Each Gang tile always has two required actions. To satisfy the requirements of the Gang tile, you must use your War cards to accomplish specific actions, which will require the use of a specific weapon and to roll a specific number. Additionally, Location tiles can provide up to five additional fight requirements to fulfill, depending on the number of players in the game. Your cards serve multiple functions and once used, they must be discarded until you rest or land on a spot during the City Phase which allows you to add a card back to your deck. Some card actions, when used, require you to remove the card from the game completely. Due to this, each choice becomes a give and take, forcing you to manage your cards and determine when losing a card for good is necessary, or how many cards are worth playing in a fight when you know that you may not have time to regain those cards before the next fight. It is a constant back and forth, requiring that players work cooperatively to win.
Card actions include rolling one or two dice, specified by a dice symbol in the top left or using a weapon to unlock a War card’s special ability which may provide extra dice rolls or allow the player to substitute their current weapon for another. Additionally, cards may allow a player to add one number to another player’s dice roll or to their own, to regain a card from their discard pile. As previously mentioned, most cards provide specific bonuses but using them may require sacrifice. Thankfully these bonuses do not have to be triggered if they are not needed. A player can play as many cards in a turn as they want but cannot roll more than five dice in one turn and cannot complete more than one fight requirement in a turn.
To complete a fight requirement, you must either roll the number listed on the Gang or Location tile, or use the weapon required. You can only use your weapons once per turn, so you must be careful when and how you use them. While the two Gang tile requirements must always be completed, on the Location tile you only have to complete requirements equal to the number of players, along with one additional requirement if that Gang currently has a higher reputation than The Warriors. So, if two players are playing and the gang they are fighting has a higher reputation, then to win the fight you must complete a total of five requirements: two on the Gang tile and three on the Location tile. If at any point you fail to meet a requirement during a turn or you run out of cards to play, then that player is knocked out of the fight and cannot participate in the rest of the fight. If a fight is lost by all players then you must move The Warriors down a level on the Reputation Track and move the gang that won up. Likewise, if you win the fight, then you will move the gang that lost to the seventh space, the lowest number on the Reputation Track, and move The Warriors up one spot while rearranging the other gangs as needed. If at any point The Warriors end up at number seven on the Reputation Track, then the game is over and The Warriors fail.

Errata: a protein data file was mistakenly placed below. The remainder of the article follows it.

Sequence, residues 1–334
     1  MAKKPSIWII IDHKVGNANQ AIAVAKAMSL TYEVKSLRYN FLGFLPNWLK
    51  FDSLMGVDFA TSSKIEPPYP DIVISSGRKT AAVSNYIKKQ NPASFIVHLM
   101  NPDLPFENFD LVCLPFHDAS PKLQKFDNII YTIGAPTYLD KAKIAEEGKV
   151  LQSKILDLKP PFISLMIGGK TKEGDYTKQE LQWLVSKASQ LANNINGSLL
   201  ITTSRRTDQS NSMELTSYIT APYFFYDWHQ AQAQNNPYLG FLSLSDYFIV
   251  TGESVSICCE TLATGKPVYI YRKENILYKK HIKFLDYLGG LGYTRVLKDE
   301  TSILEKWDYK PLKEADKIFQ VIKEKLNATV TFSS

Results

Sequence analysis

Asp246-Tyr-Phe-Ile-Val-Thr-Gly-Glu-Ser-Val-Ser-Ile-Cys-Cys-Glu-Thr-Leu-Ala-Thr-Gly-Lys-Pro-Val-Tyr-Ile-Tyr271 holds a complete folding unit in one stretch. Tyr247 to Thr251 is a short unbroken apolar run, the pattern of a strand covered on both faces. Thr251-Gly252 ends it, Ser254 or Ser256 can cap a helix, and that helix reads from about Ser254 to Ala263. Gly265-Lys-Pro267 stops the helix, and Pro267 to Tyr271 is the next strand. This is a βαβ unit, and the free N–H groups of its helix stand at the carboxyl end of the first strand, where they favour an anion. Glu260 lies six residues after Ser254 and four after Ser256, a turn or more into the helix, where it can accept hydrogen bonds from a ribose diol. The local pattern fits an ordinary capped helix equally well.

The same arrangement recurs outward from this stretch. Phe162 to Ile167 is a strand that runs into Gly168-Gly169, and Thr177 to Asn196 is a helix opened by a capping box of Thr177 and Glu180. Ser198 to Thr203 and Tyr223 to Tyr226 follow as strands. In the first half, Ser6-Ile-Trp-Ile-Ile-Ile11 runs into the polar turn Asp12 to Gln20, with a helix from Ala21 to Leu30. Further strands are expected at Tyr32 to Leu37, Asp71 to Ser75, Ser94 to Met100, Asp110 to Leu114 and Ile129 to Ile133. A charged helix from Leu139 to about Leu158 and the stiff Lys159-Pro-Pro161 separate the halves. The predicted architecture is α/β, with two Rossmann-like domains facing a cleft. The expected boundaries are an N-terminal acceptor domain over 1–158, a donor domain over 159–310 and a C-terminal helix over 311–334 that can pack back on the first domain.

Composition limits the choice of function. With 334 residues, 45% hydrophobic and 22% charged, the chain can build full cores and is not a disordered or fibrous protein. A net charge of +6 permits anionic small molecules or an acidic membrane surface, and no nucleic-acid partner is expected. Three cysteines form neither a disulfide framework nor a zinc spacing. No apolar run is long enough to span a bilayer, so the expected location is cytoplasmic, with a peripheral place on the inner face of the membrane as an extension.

The other option allowed during a fight, aside from during the initial fight and the final fight, is to flee. As you progress across the board you will trigger additional fights. Whoever lands on the fight token is considered the Instigator and will secretly look at the next Location tile and its requirements and determine whether to fight or flee. If you flee then you must move The Warriors down one spot on the Reputation Track and place a Beer Token in the appropriate spot on the board. If you flee a second time in the game, then you must move The Warriors down two spots on the Reputation Track, and so on. You can only flee three times per game, and only if you do not drop below a reputation level of seven.
In-between fights all players will participate in the City Phase, which has you moving to any space in your current city section. You can move one space or jump ahead multiple spaces, or even head straight to the next fight. Each space allows a player to perform specific actions, such as add a discarded card back to their deck, choose an additional War card or Weapon card, hop on the train, or rest and recover all their cards. Resting allows you to recover your entire deck of discarded cards, minus one card, which must be removed from the game permanently. Each action you take also requires you to draw one or two Bopper cards, depending on the symbol surrounding the space. Bopper cards function as threats and eventually lead to additional fights or require you to complete specific criteria, like rolling a specific number with the dice, in hopes of avoiding a fight. Some Bopper cards say “Coast is Clear” and these can be discarded into a pile when drawn, but all other cards must be played. The first two Bopper cards drawn can be ignored, but when a third is drawn the player must do what is stated on the card. These Bopper cards create a sense of tension during the City Phases as you work to regain your cards, acquire new cards, and hopefully avoid more fights than necessary to survive the night.